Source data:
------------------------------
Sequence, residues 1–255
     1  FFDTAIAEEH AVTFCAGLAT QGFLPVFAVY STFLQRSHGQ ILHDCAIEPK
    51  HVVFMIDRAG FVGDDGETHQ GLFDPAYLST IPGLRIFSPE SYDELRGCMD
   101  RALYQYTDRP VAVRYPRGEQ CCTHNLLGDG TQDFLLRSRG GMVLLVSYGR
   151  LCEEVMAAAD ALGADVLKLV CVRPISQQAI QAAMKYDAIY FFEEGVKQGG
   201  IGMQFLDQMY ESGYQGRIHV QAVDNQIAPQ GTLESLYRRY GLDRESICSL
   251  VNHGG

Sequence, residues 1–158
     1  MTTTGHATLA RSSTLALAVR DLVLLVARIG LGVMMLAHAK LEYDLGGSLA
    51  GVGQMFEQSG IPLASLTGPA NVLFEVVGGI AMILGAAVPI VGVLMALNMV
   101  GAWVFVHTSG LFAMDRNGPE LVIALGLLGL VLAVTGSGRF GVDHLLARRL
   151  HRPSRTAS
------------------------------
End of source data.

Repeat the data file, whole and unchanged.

Sequence, residues 1–255
     1  FFDTAIAEEH AVTFCAGLAT QGFLPVFAVY STFLQRSHGQ ILHDCAIEPK
    51  HVVFMIDRAG FVGDDGETHQ GLFDPAYLST IPGLRIFSPE SYDELRGCMD
   101  RALYQYTDRP VAVRYPRGEQ CCTHNLLGDG TQDFLLRSRG GMVLLVSYGR
   151  LCEEVMAAAD ALGADVLKLV CVRPISQQAI QAAMKYDAIY FFEEGVKQGG
   201  IGMQFLDQMY ESGYQGRIHV QAVDNQIAPQ GTLESLYRRY GLDRESICSL
   251  VNHGG

Sequence, residues 1–158
     1  MTTTGHATLA RSSTLALAVR DLVLLVARIG LGVMMLAHAK LEYDLGGSLA
    51  GVGQMFEQSG IPLASLTGPA NVLFEVVGGI AMILGAAVPI VGVLMALNMV
   101  GAWVFVHTSG LFAMDRNGPE LVIALGLLGL VLAVTGSGRF GVDHLLARRL
   151  HRPSRTAS